When I was a little girl, my parents very graciously allowed me to bake in our kitchen without recipes or instruction. In fact, my very first attempts at recipe-less baking took place at around age six, and, as you can imagine, there were a few failures. On one occasion, though, something magical and unexpected happened. What could have been an unmitigated disaster of thrown together random quantities of ingredients resulted in something that earned the hearty praise of my parents. It wasn’t the cake I had anticipated, but as my parents tasted and appraised my creation, I heard the exotic word “brioche” for the first time. I didn’t know what brioche was, but I knew that it was good. Many years later, in pastry school, I was taught a delightful egg- and butter-filled traditional version. And now, in a full circle kind of way, I have taken experimental liberties yet again—the result being a rich yet light vegan version of a bread that makes the perfect breakfast companion. My vegan husband adores these buns just as they are. I enjoy them served with nut butters and dairy-free spreads.

Coconut Butter Brioche [Vegan]

Advertisement

Serves

9 buns

Cooking Time

18

Ingredients

  • 1/4 cup (50 g) coconut butter, well stirred and at room temperature
  • 3 tablespoons + 1 teaspoon olive oil
  • 1/2 cup oat or nut milk
  • 1-3 tablespoons oat, coconut or soy yogurt, divided
  • 1 1/2 tablespoons (14 g) coconut sugar
  • 3/4 ounces fresh, refrigerated yeast for sweet dough
  • 2 cups (320 g) organic all purpose flour, completely packed and leveled
  • 1/4 teaspoon salt

Glaze:

  • 1 tablespoon (9 g) coconut sugar
  • 2 teaspoons freshly boiled water
Advertisement

Preparation

  1. In asmall saucepan, gently melt the coconut butter. Add the oil, milk, 1 tablespoon yogurt and sugar, then let the mix cool to a finger-warm temperature. Stir in the yeast until it dissolves.
  2. Add the carefully measured flour and salt to the bowl of a stand mixer or a large mixing bowl. Pour the milk mixture and begin combining the ingredients with a dough hook on low speed. Once the flour is mostly incorporated, check to see if the mix is moist enough. The mix should come together to produce a smooth, elastic and moist dough. Add a tablespoon of yogurt if needed.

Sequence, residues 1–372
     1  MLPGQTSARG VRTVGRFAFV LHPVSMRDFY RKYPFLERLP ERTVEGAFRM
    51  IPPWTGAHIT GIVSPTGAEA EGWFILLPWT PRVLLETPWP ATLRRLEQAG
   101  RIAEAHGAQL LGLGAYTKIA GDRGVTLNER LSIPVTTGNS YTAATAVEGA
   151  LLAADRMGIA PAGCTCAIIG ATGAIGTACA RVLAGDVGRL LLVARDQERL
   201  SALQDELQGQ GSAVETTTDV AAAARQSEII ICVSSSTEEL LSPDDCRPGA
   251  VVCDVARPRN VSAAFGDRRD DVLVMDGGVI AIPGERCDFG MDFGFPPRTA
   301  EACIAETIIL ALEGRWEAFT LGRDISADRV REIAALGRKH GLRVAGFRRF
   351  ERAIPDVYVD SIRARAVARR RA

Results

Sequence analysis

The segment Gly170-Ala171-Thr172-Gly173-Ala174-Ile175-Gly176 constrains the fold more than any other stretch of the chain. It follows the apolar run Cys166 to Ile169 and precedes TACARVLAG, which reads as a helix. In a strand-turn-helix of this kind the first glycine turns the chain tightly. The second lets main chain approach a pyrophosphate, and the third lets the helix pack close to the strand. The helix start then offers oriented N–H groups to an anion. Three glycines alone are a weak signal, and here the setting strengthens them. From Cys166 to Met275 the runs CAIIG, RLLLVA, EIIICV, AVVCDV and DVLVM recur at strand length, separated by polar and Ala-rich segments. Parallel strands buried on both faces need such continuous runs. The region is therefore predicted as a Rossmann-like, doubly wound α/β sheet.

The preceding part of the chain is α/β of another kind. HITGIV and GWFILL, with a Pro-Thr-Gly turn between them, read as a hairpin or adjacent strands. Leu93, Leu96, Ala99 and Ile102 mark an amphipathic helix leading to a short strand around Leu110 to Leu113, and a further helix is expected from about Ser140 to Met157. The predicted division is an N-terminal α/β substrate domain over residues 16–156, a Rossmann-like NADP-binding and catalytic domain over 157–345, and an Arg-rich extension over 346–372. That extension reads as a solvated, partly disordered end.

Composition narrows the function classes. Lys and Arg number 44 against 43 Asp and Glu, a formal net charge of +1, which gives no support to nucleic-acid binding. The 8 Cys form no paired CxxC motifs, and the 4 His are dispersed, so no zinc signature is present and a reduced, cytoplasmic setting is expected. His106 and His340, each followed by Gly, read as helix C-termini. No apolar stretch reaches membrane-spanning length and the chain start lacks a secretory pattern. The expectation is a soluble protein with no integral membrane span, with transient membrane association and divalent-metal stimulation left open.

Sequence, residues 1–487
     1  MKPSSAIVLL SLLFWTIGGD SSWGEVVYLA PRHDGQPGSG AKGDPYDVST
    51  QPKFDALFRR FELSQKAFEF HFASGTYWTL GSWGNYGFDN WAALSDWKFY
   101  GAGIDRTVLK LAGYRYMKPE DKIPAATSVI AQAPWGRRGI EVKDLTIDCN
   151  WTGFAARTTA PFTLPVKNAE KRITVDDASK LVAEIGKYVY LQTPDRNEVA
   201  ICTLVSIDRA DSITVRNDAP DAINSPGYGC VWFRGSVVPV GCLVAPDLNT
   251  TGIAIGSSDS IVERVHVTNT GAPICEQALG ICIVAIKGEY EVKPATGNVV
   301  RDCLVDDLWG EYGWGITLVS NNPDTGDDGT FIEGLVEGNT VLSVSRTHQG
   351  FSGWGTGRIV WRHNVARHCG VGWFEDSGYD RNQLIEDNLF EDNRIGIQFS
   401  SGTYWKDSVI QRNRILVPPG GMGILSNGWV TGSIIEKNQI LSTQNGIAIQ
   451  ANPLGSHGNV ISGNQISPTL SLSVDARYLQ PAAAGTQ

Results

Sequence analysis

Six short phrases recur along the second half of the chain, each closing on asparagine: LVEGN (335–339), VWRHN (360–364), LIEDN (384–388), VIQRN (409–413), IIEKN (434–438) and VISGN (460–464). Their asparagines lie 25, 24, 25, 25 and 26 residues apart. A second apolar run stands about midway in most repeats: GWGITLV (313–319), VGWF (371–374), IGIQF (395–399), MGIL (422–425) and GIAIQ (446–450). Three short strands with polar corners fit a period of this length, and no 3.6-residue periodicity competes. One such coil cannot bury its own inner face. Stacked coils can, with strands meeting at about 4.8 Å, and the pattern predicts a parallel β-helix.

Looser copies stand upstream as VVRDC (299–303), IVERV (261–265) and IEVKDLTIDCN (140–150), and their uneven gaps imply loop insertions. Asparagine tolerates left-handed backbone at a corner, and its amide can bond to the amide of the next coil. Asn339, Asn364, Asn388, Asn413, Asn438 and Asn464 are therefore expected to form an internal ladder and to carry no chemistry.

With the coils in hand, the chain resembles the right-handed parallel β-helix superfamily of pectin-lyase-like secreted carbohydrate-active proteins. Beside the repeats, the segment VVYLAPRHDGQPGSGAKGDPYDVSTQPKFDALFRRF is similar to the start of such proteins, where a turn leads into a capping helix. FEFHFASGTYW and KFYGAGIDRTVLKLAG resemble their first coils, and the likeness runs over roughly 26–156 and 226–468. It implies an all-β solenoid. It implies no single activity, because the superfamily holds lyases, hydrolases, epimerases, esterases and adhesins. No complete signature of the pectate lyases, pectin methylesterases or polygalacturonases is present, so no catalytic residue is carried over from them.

3. Adjust the speed on your stand mixer to medium and allow the dough to be kneaded for 5 minutes. If doing this process without a stand mixer, knead the dough by hand for 10 minutes.
  4. Form the dough into a rough ball and place it back in the bowl. Cover the bowl with a tea towel and allow the dough to rise for 1 to 1 1/2 hours or until doubled in size. Line a 9-inch springform pan for round rolls or square pan for square rolls with parchment paper.
  5. After the dough has doubled, punch it down, then shape it into a log and divide it into 9 pieces of equal weight. Shape each dough piece into a ball and place them into the lined pan. Cover the pan with a clean tea towel and allow the buns to proof for 40 minutes, around the end of which time you can preheat the oven to 340°F convection or 350°F non-convection.
  6. Bake the buns for about 18 minutes or until golden brown on the surface and baked through. While the buns are baking, prepare a glaze by combining the coconut sugar and freshly boiled water in a small bowl.
  7. Remove the baked buns from the oven and brush with the glaze. Release the springform mechanism on the baking pan and transfer the buns carefully to a wire rack. Allow the buns to cool slightly before serving.
Advertisement

    Discover more recipes with these ingredients

  • Coconut
Advertisement

Nutritional Information

In the case of yeasted bread recipes in particular, weighing over measuring with cups is recommended if possible, as even small deviations of amounts can adversely affect the finished product. These buns are also lovely eaten cold and can be stored in an airtight container for up to 3 days, or frozen for later use for up to 3 months. Note: The information shown is based on available ingredients and preparation. It should not be considered a substitute for a professional nutritionist’s advice.


Advertisement